South Sudanese Refugee Crisis in Uganda

Conflict in parts of South Sudan continues, and as a result, hundreds of thousands of people are being displaced to neighboring countries. Many of those refugees face food shortages, life-threatening illnesses and the fear of imminent violence. Other difficulties include an abrupt halt to education, the hyperinflation of food and necessities and inability to receive much-needed medical care due to various obstacles. According to UN Secretary-General Ban Ki Moon, “one million South Sudanese children are not able to attend school, and nearly five million people face severe food shortages.” Even those who are fortunate enough to escape to another country are struggling because of these factors.
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-South Sudanese man- “Since the fighting started again in Juba, I had to send my wife and my six-year-old son to Uganda. I don’t want them to be here. Life [here] is not only insecure but also very expensive, while in Uganda, even as refugees, they have access to health and education. When I was a child, in 1989, I fled South Sudan because of the war [1983 to 2005] and spent more than 20 years working in Khartoum and Darfur. In 2012, I came back hoping the independence would give us a better life. But all that hope is lost now. Selling vegetables in my small shop gives me around 7,000 pounds every month, which I need to convert to US dollars to send to my family in Uganda. With the current exchange rate, I barely get 100 dollars – three or four times less than [only a few] months ago. The currency depreciation has made supporting my family harder. Food prices are getting ridiculous in the market. For the past few months, they are three, four or even five times more expensive. Before, one banana used to cost 10 pounds. Now, it’s 50! How are people going to buy from my shop? I never rest. I work all week – more than 10 hours a day – just to keep surviving. It makes no sense to me. I’m considering leaving South Sudan for good and joining my family in Uganda. I think it will be better for all of us.”

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About a month ago, 1,700 South Sudanese were arriving in Uganda each day. That number is rapidly growing and funds are getting thin. There is a push to register all of the refugees in Uganda in order to secure safety and peace of mind for residents near the transit centres. And rations have been cut in half, just so the demand for food can be met. Many pregnant women who have fled South Sudan are fighting to keep themselves and their unborn babies healthy due to the rapid increase in population at the temporary housing for refugees. They receive the same rations as everyone else, and often that is just not enough to sustain them and the life growing inside.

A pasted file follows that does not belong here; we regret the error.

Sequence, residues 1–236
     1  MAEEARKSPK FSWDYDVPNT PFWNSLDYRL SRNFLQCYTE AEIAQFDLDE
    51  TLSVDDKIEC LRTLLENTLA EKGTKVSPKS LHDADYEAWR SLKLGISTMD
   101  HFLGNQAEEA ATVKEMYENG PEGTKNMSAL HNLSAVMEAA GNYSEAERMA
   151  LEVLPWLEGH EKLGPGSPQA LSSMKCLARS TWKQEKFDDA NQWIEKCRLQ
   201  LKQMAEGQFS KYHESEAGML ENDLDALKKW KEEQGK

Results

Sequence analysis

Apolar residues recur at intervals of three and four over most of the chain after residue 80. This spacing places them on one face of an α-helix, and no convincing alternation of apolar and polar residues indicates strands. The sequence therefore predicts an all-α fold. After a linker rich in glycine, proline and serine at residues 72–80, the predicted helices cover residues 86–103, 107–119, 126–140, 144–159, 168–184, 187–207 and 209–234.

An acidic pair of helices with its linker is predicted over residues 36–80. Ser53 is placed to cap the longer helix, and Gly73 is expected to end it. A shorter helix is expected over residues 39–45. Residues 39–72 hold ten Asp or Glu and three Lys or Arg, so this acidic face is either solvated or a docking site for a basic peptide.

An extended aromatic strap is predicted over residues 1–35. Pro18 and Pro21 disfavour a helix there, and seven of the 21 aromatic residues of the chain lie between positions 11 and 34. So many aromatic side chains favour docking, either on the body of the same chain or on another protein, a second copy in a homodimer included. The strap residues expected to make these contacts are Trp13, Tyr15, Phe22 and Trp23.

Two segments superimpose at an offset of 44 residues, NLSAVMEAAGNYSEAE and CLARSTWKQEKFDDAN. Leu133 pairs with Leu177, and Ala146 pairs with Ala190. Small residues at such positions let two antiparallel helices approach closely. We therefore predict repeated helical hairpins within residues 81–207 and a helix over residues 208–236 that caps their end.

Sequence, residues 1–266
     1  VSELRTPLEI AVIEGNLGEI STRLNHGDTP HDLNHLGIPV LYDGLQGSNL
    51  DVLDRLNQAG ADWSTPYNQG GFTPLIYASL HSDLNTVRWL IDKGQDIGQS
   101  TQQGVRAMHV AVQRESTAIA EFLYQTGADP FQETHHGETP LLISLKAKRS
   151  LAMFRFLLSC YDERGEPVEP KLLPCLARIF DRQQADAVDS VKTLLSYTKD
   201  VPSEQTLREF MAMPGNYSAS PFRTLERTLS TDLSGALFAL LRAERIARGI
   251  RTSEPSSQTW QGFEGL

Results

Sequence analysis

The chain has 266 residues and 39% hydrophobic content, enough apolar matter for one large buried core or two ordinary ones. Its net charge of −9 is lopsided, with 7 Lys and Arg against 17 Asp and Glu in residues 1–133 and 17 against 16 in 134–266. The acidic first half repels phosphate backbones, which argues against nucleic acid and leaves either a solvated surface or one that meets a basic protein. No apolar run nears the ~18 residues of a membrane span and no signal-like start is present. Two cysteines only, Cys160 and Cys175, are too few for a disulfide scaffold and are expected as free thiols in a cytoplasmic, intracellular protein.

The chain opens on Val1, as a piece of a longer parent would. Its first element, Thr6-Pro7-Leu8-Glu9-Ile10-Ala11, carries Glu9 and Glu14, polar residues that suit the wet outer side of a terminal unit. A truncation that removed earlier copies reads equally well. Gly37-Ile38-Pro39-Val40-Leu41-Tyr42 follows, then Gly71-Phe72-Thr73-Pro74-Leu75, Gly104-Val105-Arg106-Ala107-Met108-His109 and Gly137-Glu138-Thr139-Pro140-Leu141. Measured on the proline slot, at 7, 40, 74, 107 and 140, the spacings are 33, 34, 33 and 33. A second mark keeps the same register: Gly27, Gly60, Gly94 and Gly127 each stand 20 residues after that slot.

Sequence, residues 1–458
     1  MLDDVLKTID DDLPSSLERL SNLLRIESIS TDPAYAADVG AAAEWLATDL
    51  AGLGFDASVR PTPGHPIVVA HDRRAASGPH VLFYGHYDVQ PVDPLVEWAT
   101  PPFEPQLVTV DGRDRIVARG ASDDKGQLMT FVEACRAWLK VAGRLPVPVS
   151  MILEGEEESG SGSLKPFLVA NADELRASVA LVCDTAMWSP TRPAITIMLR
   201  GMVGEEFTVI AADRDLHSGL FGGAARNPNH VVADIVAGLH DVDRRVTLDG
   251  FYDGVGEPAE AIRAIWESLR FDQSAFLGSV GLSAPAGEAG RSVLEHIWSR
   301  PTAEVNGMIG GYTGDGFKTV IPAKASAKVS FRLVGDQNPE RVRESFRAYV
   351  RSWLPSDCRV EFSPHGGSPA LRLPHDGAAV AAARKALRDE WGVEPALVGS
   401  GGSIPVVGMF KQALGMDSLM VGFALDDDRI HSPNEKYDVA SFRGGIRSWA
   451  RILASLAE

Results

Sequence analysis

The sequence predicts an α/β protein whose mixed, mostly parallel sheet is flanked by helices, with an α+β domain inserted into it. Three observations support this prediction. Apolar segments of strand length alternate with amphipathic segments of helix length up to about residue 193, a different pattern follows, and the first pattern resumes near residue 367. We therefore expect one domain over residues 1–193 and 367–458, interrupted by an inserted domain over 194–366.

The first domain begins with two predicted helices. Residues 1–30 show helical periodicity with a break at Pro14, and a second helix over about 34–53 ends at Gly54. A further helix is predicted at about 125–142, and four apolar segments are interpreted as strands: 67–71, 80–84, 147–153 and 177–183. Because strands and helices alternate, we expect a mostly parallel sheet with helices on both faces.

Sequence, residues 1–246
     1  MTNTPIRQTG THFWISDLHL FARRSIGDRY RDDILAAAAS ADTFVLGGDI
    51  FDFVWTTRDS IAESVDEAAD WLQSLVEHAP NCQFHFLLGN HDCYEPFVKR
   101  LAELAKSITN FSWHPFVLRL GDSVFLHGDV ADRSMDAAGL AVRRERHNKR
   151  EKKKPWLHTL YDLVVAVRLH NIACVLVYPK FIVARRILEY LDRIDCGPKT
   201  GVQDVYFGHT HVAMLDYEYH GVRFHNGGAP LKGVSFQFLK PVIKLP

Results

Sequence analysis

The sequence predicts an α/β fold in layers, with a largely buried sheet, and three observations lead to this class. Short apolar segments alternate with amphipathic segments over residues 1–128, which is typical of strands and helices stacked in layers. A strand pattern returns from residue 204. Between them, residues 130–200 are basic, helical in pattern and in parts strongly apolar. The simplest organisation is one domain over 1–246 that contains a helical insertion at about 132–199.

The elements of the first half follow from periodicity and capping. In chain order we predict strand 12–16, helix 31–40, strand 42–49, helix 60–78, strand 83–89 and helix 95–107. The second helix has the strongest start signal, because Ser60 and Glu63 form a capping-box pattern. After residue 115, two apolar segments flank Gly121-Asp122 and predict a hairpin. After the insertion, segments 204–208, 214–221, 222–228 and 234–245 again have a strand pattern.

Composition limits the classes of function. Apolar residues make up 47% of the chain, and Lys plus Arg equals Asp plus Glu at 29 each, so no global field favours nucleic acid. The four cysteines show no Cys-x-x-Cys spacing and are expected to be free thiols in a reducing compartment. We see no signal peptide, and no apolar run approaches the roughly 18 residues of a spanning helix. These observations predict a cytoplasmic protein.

Over the past three months, an average of more than 2,000 South Sudanese a day have crossed into Uganda, seeking safety from bloodshed at home. Aid groups and government agencies are scrambling to shelter and feed everyone. The influx has not abated since fighting reignited in the South Sudan capital of Juba in July. To date, more than 1 million South Sudanese—mostly women and children—have fled to neighboring countries. Uganda has the most—432,619 as of last week. And the crisis is nearing a tipping point. “We have a shortfall of about $27 million for the next six months,” says Cheryl Harrison, World Food Program Uganda deputy country director.
When I ask WFP’s Harrison what the solution is, she replies with an equally disquieting answer. Since the organization relies on donations, it has few options when donations run short of need. That’s why rations were cut in August. “We wanted to make sure that the available resources stretched,” she says. “It’s not good for any family to have no food for an entire month. Better that households can plan a little bit and have less food.” In fact, that decision had already been made before fighting resumed in South Sudan in July. “The population of refugees that were in Uganda, and had been in Uganda for a few years, was already stretching our resources for food assistance.”

These refugees are people with families and hopes and dreams much like our own. They have been ripped from their homes, torn away from family and face insurmountable obstacles on a daily basis. Would you join us in praying for the leadership of this war-torn country? Pray that God would bring peace and people would eventually be able to return to their homeland. Pray for these precious people; that they would receive the nutrition, medical care and education they need. And finally, pray about helping to support the organizations providing aid and relief in these uncertain times in South Sudan. Want to know more how YOU can make a difference? Read more about the conflict in South Sudan here.

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